Scientists have long known that chimpanzees are closely related to humans and recent genetic sequencing has revealed that humans share 99 percent of their DNA with chimps. But when it comes down to developing facial features, the many difference lie with how that 99-percent-similar DNA is regulated and expressed. So why are we so different?
The answer lies not in our genes as such. It is in how our genes work and interact, including those we have in common. This difference is particularly evident in the brain, where human genes are linked more closely in networks than the same genes in monkeys. Norwegian and US scientists uncovered this difference by studying a large number of genes from both species.
The scientists took the previous results of tissue samples from five chimpanzees and six humans. Here, the gene activity in the heart, kidneys, liver, testicles and brain of both species was analysed using what are called DNA microarrays, a tool that enables a single experiment to detect the level of activity for tens of thousands of genes in cell or tissue samples.
The researchers compared the activity levels in a total of 21 000 individual genes that were identical for both species in the 55 samples. They were all measured at the mRNA stage. This is an intermediate stage where a replica of the gene is on the way out of the cell to produce a protein, and reflects the activity level of the gene.
It turned out that about every fifth gene behaved differently in humans and chimpanzees in the samples that were taken from the brain, heart, kidney and liver, while almost half of the genes behaved differently in testicular tissue. In all, the group was able to identify 90 transcription factors that were particularly different in humans and chimpanzees, says Eivind Almaas, a professor of systems biology at NTNU, who participated in the genetic study conducted at the University of Illinois.
A gene itself has no other function than to be a working drawing for the essential building blocks in an organism’s cells. Organisms use genes like a recipe to build a molecule, usually a protein. The molecule then carries out what we commonly refer to as the gene’s function.
Different proteins are required for construction and maintenance of cells and molecules, and play important roles in all bodily functions. In the genes that are called transcription factors, however, the protein has a special function: It is sent exclusively to control other genes – which means it controls the production and function of other proteins.
Transcription factors turn other genes on and off, dampen or strengthen them, coordinate and regulate them. They can be compared to an advanced traffic lights system at a complicated and congested intersection. The researchers suspected that the difference between us and chimpanzees could be traced to coordinated changes in select transcription factors, and how they are used.
When it comes down to developing facial features, the many difference lie with how that 99-percent-similar DNA is regulated and expressed.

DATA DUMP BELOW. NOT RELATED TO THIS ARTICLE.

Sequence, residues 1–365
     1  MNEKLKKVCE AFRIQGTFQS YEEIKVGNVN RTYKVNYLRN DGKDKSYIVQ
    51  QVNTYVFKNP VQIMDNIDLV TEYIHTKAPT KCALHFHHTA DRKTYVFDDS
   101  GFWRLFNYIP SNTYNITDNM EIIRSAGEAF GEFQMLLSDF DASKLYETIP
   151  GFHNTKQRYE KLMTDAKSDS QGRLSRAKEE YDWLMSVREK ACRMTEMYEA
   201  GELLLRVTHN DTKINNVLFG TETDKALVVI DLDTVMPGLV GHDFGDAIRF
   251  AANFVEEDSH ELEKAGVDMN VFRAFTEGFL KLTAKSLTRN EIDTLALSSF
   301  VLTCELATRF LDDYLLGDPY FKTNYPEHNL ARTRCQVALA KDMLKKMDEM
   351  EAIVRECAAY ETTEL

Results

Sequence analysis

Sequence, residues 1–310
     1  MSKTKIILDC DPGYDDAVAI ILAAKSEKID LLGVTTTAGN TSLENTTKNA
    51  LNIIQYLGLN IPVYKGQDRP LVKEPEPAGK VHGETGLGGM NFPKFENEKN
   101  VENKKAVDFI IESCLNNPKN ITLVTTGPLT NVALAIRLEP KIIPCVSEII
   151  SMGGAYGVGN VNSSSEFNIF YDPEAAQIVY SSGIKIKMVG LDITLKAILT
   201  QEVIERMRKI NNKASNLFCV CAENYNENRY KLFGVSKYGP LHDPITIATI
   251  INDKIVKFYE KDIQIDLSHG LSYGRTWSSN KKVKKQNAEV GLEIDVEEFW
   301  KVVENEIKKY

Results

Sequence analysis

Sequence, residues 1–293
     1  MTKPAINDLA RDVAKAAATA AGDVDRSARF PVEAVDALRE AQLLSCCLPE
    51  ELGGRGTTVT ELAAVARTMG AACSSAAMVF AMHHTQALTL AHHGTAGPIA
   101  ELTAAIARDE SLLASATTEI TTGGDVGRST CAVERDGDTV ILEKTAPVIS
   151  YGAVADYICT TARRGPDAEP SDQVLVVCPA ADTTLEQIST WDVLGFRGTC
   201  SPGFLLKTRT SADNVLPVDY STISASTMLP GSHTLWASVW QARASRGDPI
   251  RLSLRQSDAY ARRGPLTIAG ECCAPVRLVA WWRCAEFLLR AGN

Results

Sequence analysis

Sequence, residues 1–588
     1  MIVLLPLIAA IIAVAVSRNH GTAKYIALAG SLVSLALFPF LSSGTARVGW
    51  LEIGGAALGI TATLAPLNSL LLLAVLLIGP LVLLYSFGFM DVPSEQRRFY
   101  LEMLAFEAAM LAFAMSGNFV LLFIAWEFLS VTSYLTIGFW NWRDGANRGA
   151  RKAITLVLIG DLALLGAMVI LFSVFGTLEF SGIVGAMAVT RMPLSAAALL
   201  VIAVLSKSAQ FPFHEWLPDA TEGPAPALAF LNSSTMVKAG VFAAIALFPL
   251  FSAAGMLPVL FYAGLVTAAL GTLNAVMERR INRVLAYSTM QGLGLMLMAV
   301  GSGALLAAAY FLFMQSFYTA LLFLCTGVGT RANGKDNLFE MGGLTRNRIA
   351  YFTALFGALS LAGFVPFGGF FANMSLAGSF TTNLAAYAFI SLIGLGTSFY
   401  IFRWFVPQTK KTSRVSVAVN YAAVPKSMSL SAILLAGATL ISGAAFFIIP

“If we want to understand what makes human and chimp faces different, we have to look to the source — to the cell types responsible for making these early patterning decisions,” study author Sara Prescott said in a statement. “If we were to look later in development or in adult tissues, we would see differences between the species but they will tell us little about how those differences were created during embryogenesis.”
To pinpoint exactly where chimp and human faces start to differ, Prescott’s team compared segments of DNA that determine how specific genes are expressed in “neural crest cells,” a type of cell that eventually develops into ʙᴏɴᴇ, cartilage and facial tissue. Prescott watched to see which genetic regions were activated as her samples of neural crest cells grew, eventually determining that there are about 1,000 groups of genes that triggered in different ways during the development of facial features in chimps and humans. The researchers also found that chimps expressed two genes known to affect nose length and shape as well as skin color much more strongly than humans.
“It’s becoming clear that these cellular pathways can be used in many ways to affect facial shape,” Joanna Wysocka, the study’s senior author, said in a statement.
The face isn’t the only place that shows off how apes and humans share a common ancestor: scientists are also looking to the shoulders for clues to why humans and chimps look the way they do. According to new studies of Australopithecus shoulder ʙᴏɴᴇs, humans actually have more “primitive” shoulders than chimps or gorillas, Rachel Feltman writes for The Washington Post. In this case, “primitive” means human shoulders have more in common with a monkey’s – the last common ancestor we shared with our ape cousins.
“These changes in the shoulder, which were probably initially driven by the use of tools well back into human evolution, also made us great throwers,” evolutionary biologist Neil T. Roach and one of the study’s authors said in a statement. “Our unique throwing ability likely helped our ancestors hunt and protect themselves, turning our species into the most ᴅᴏᴍɪɴᴀɴᴛ predators on earth.”
While scientists are still searching for any sign of that common ancestor, they can still find hints at how apes and humans split by poking around in their genes.